“If you treat it like a business, it will pay you like a business. If you treat it like a hobby, it will pay you like a hobby.”
Start with a weekly calendar, one that includes hourly markings. Block off your set time commitments, whether work, family, or community. Circle the times you have available for this project, even one hour at a time. Assign work to the circled time blocks, starting with your income producing activities.
The opposite is to treat it like a hobby: to work on it when you feel like, or whenever you find time.
It’s up to you. Do you want a new business, or do you want a hobby?
- Seasonal business: How to beat the annual “no bookings!” panic - August 8, 2022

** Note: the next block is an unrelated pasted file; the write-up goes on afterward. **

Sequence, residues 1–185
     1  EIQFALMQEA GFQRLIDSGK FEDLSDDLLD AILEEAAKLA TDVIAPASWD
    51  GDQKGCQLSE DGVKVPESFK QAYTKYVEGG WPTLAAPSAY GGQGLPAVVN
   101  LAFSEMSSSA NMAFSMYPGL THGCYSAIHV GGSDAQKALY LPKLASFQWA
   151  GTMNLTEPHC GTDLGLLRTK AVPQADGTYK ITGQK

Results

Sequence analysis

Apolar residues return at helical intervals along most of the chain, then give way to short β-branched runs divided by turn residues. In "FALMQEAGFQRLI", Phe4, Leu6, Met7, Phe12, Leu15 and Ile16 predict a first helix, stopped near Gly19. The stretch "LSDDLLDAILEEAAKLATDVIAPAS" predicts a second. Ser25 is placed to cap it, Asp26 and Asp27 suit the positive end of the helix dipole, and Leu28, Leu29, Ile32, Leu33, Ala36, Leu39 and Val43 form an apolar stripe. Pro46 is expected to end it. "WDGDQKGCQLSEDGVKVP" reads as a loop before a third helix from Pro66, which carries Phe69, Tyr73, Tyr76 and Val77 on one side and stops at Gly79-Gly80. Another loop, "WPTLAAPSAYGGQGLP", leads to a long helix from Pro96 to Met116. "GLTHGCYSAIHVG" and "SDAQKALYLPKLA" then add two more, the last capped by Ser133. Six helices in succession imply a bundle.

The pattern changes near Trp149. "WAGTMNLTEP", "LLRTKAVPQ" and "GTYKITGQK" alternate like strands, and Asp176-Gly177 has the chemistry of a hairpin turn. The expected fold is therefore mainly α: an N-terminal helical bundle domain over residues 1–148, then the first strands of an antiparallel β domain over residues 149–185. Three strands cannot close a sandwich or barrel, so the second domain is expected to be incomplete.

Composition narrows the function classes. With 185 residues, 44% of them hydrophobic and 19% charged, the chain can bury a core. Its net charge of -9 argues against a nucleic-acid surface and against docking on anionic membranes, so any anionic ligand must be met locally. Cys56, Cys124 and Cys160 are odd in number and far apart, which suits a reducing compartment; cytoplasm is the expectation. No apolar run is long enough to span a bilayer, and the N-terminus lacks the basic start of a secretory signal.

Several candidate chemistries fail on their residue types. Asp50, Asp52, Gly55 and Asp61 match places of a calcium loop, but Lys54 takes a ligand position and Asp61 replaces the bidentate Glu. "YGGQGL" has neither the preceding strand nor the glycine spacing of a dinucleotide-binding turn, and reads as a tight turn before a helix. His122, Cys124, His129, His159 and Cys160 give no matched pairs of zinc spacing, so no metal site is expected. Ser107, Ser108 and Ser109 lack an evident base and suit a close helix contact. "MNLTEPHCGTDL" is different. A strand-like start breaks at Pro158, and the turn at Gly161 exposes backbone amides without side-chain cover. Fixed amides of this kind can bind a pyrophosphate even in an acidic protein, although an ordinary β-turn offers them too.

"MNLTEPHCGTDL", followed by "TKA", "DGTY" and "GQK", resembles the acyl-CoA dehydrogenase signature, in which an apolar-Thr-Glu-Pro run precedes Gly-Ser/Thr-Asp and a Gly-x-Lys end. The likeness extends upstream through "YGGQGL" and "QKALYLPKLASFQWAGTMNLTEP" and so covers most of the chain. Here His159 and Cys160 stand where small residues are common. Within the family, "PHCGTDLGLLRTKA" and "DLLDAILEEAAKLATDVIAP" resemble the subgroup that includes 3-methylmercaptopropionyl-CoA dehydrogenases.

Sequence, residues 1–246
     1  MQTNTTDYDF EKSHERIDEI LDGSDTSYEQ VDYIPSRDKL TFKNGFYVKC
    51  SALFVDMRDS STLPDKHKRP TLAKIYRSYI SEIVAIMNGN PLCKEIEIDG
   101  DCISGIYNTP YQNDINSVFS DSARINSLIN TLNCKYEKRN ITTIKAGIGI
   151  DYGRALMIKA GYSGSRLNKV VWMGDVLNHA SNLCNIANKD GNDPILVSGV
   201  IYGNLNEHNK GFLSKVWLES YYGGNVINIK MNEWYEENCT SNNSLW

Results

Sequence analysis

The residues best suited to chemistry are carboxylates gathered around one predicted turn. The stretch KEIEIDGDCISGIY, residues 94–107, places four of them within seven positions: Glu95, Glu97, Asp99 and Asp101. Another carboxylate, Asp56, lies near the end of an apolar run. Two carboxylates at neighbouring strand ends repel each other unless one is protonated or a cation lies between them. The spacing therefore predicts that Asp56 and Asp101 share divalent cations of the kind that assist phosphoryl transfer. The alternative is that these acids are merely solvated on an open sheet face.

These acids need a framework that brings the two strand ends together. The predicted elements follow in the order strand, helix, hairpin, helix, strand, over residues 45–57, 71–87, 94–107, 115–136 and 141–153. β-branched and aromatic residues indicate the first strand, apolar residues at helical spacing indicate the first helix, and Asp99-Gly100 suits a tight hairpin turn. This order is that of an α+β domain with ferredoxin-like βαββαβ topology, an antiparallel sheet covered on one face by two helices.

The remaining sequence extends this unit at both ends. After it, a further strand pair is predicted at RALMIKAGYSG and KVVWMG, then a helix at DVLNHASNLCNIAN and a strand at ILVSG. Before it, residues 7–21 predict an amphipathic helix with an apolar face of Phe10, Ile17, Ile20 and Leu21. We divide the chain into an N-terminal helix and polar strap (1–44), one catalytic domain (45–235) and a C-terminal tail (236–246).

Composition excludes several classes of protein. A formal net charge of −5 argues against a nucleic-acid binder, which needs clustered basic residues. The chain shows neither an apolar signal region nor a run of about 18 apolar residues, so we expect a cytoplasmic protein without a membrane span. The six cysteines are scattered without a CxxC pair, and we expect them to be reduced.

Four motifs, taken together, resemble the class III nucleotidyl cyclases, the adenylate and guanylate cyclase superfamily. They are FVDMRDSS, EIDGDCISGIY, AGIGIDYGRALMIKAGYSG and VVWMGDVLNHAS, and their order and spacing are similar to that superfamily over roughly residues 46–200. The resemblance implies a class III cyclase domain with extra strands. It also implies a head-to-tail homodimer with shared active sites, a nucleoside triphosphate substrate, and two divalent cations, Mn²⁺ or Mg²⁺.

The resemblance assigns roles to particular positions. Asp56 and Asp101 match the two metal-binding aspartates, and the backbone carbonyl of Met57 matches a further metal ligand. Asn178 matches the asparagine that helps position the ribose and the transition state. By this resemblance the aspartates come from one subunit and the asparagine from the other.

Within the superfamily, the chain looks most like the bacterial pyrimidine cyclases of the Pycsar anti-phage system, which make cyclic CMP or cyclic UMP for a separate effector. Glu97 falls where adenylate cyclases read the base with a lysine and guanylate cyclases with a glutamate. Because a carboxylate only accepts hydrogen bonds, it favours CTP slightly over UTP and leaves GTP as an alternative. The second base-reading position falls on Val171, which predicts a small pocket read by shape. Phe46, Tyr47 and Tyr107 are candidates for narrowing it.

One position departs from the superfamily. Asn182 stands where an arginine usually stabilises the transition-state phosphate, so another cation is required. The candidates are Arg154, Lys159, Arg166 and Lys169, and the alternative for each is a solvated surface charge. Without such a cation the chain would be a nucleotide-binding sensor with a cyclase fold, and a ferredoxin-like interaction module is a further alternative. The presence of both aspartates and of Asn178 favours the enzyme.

- Recession? Practical steps from 3 international peers - August 3, 2022
- Reaching “at risk” kids for local jobs - July 15, 2022
- 3 Major factors in rural remote work: incentives, flexible workspaces, and a sense of community - June 6, 2022
- How to recruit new residents, remote workers, or remote entrepreneurs - June 2, 2022
- How cooperatives improve small town economies - May 8, 2022
- Metaverse business idea: virtual world tour guide - April 15, 2022
- Make extra money from extra workspace: co-working and 3rd workplaces in small towns - March 28, 2022
- Trade show booth design trend: hand drawn visuals - March 21, 2022
- New business sign design? Don’t use cursive script - February 14, 2022